Richardson says he hopes to raise $15,000, “maybe $20,000, just enough for some mailings.” He says he’s not intimidated by the crowded field or the incumbent. “You want the status quo, vote for them,” he says. “You want change, vote for me.”

Jermaine Jones is a 27-year-old Syracuse University political science graduate who says he came home to Baltimore and found positive change. “My grandparents lived here,” he says. His grandmother decided to move into a rehabbed home on the 1500 block of Bond Street. There were, he says, 20 abandoned homes on that and the 1400 block.

“My uncle bought one, then another when I got back from school,” says Jones, who took a job with the Laborer’s International Union of North America (LIUNA). “My uncle [Lloyd Williams of the Verde Group], he does most of the development. I’m a community organizer. The thing is to get people to buy back into your community. I bought one back from him. . . . When I came home, I had my eyes opened.”

Jones expects to raise around $50,000 to win the seat, with an upper goal of $70,000. If elected to City Council, “I would like to see an incentive to hire people who live in the city,” he says. “So that’s the first thing I want to promote.”

Jones would promote legislation to make it easier for the city to take over abandoned buildings and hand them over to developers like his uncle. “The city will say they can’t find the owner, so they can’t do anything. But they take your house for your water bill,” he says.

Jones’ family had to take on the drug dealers who had infested the 1500 block of Bond, he says, and they did that with cooperation from the police. He says it wasn’t that difficult. “Once you let police know that you like to see them there, they’re a little more willing to drive though your neighborhood,” he says, adding that youth recreation and education programs would also be a priority.

Today the 1500 block of Bond is touted as a success story in the district. In an interview, Carl Stokes takes credit for helping to clear away the bureaucratic and financing hurdles. “I’ve been central in rebuilding the 1400 and 1500s block of Bond Street that were sets for The Wire,” Stokes says. “They were two blocks that were heavily drug-used, and drug-trafficked. We brought in some developers in there who rebuilt, and now we’re selling homes for close to $200,000 over there, and we’re rebuilding the Oliver community.”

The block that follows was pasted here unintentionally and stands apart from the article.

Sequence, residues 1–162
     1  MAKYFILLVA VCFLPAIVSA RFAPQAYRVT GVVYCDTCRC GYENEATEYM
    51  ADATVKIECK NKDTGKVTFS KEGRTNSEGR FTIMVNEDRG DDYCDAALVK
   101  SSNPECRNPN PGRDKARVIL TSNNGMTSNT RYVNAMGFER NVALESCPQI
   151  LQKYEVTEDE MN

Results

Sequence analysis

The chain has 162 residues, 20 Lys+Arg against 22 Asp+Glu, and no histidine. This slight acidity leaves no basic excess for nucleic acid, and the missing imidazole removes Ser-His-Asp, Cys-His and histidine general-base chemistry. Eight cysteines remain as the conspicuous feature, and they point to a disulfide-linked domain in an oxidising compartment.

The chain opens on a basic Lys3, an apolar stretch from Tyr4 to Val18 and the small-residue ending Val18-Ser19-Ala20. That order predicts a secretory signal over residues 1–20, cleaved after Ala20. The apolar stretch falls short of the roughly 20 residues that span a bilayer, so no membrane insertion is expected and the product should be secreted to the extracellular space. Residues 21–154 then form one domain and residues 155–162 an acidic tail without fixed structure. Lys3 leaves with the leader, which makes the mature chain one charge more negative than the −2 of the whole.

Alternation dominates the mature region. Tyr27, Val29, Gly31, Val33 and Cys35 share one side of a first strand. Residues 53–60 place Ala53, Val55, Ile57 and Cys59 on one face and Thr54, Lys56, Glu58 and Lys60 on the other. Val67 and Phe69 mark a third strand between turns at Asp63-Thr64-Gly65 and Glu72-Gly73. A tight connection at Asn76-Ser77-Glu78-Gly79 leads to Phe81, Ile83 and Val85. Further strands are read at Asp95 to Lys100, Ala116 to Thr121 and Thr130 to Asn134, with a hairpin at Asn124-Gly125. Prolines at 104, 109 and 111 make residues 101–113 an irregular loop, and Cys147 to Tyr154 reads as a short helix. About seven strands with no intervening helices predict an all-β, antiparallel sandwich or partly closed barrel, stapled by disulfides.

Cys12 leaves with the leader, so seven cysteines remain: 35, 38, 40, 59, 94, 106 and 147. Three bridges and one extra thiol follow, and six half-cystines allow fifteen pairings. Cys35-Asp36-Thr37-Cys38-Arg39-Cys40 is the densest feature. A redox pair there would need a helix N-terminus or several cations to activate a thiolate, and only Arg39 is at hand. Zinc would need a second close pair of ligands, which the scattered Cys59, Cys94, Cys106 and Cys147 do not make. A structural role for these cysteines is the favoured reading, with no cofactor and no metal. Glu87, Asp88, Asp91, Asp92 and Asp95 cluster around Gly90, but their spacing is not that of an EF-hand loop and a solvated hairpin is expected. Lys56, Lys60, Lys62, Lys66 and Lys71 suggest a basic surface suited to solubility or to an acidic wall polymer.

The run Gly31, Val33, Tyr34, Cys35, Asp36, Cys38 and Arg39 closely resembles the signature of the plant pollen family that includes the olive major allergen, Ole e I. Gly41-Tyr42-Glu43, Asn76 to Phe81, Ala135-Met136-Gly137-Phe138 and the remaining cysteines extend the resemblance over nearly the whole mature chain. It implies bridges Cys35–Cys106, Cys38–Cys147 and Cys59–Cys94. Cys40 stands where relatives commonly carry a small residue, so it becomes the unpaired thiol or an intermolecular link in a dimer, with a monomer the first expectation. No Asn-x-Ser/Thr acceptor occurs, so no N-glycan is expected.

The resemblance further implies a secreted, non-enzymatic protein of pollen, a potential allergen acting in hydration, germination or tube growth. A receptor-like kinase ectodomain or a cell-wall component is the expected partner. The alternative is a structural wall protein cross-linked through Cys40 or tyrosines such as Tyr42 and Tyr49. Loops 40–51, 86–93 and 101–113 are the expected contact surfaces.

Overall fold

Stokes says he supports “incentives for developers who are going to hire local people,” which he contrasts with the big-ticket downtown development incentives he’s opposed. “They could use money the same way the Ritz-Carlton gets $45 million of taxpayer money,” he says. Stokes has also spoken up about the 800 families who were relocated from the East Baltimore Development Initiative redevelopment area, promised new and better housing that has not yet materialized in the troubled project. “So I’ve been strong to say, since I been back, this is nonsense. . . . If I’m here you’re gonna rebuild homes.”

Summing up his decision to run to keep his Council seat, Stokes says, “We just want to keep the 12th strong. There are people who will be running saying the 12th is neglected . . . which is nonsensical. I was the guy, when the mayor said, ‘I’m gonna close half the rec centers and some schools,’ I was the guy who went out on the streets and said, ‘No you’re not’ and, guess what, we didn’t close any.”